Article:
Steve and I settled into a night of very unsettled sleep. I drifted in and out, but had the sense of spending hour after hour, lying there while Steve snored. Curiously, Steve reported exactly the same sleeplessness the next morning.

Wednesday, Dec 17th 2008

Up at 7 am. Shaved and showered, then headed to the restaurant for some coffee and breakfast. Carolyn joined me (coffee only) as we got caught up on our lives and families. It turned out to be just about the happiest, most relaxed episode of the entire trip.

The three of us checked out and drove in their rental car thru the slushy, familiar streets, past their old house, and then to the synagogue.

This was a building that played a central role in my childhood. I spent many hours each week there, for my first 17 years. It was a true time-warp.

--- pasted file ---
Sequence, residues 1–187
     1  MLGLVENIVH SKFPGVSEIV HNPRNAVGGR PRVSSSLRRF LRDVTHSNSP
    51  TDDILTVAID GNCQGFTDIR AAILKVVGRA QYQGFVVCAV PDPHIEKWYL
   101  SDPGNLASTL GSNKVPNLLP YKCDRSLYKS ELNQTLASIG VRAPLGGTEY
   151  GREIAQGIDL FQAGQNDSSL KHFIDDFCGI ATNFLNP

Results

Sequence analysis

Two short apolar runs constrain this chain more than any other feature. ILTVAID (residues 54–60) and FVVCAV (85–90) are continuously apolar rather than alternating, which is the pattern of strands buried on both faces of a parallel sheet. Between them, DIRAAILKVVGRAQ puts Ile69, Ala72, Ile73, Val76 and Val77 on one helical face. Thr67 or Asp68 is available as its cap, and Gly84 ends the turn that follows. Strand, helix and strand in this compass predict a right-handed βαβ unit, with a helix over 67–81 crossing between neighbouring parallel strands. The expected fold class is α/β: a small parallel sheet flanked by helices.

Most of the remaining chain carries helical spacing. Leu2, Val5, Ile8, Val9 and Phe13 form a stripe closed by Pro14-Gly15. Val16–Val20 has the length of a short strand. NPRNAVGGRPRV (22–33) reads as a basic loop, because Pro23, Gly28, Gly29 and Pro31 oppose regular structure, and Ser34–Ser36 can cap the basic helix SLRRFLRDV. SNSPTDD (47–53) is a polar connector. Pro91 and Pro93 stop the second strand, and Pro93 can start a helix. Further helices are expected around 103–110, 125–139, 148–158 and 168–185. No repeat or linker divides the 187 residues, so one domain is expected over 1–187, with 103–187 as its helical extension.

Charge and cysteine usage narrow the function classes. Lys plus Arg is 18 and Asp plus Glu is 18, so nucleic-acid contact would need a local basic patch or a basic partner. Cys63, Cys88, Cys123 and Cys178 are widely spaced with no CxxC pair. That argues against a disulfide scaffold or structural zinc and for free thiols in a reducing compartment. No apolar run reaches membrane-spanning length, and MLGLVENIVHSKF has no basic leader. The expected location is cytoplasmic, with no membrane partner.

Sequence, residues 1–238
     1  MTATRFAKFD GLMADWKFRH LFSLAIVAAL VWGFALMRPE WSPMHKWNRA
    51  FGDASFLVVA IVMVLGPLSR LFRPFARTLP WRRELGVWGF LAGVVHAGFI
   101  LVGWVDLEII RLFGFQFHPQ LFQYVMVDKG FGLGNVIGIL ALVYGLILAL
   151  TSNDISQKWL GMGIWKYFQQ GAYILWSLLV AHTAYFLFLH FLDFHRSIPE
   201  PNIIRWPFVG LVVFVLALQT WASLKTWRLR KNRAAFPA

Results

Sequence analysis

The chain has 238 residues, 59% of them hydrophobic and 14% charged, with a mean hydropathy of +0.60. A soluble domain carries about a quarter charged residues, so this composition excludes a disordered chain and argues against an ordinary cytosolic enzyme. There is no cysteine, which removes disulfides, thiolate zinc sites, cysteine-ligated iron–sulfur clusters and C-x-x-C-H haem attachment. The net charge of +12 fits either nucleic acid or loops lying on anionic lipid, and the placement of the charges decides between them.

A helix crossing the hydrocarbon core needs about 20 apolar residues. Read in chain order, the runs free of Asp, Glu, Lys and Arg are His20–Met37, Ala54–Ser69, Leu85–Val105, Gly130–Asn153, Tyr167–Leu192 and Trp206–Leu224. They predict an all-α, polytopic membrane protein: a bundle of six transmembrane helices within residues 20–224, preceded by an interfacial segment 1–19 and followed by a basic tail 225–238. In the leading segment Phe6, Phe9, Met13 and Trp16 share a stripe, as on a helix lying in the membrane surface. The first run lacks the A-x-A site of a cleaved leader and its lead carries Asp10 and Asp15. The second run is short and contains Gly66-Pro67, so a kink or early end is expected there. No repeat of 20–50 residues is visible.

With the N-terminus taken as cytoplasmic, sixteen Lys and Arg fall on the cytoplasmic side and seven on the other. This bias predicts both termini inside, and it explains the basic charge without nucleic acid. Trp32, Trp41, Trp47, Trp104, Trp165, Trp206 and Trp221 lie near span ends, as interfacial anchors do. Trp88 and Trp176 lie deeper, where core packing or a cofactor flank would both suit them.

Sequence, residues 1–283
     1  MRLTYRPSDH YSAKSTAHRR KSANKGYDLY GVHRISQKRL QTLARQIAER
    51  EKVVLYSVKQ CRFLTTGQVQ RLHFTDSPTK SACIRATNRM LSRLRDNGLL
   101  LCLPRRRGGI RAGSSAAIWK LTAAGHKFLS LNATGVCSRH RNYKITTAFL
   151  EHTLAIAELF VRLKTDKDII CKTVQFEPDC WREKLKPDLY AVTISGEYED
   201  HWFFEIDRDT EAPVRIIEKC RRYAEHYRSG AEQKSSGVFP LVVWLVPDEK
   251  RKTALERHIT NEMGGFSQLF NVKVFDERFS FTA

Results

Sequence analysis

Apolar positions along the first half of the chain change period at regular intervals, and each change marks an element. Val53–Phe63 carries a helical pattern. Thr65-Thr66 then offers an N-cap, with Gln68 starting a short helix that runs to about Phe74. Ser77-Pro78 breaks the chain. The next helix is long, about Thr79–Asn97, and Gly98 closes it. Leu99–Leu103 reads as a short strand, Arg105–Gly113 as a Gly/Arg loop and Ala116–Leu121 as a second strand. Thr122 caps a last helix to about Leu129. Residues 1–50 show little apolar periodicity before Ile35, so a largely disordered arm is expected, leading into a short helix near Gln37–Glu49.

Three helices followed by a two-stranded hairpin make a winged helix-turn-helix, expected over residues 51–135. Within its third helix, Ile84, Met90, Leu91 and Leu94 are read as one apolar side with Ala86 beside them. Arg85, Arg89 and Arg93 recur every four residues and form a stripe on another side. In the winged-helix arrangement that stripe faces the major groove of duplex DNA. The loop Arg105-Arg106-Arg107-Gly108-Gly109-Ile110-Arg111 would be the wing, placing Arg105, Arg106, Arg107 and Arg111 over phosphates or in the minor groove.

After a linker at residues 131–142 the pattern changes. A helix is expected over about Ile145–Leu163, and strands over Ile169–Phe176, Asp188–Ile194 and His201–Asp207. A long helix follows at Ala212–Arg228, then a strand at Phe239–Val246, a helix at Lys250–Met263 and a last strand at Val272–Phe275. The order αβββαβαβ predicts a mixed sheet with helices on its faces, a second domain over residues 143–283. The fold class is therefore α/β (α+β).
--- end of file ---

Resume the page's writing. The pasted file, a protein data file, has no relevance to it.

I found my 16 year-old self and my mother in several places in the many collages of historical photos, that my old optometrist had prepared some years ago. Memories and ghosts popped up with every glance.

I asked the office manager if there was a piano in the building and she said it was in one of the classrooms. Not only did it turn out to be the same classroom where I first learned Hebrew as a very young child (an event which, I believe, led directly to my lifelong facility with languages, both computer and human), but, as I expected, it was the very same piano that my parents had donated to the synagogue back in the early 60’s (the plaque was still there), and upon which I had played my first public piano performances, for an endless series of holiday skits and synagogue events over those years.

Soon, guests, friends and the funeral guys arrived, with Dottie’s casket. I was reintroduced to many folks I had not seen in 35 years, many of whom were as shocked to be seeing me again, as I was in seeing them again.

Here's a cell-phone photo of four old jews (Steve, Allen, Billy and me):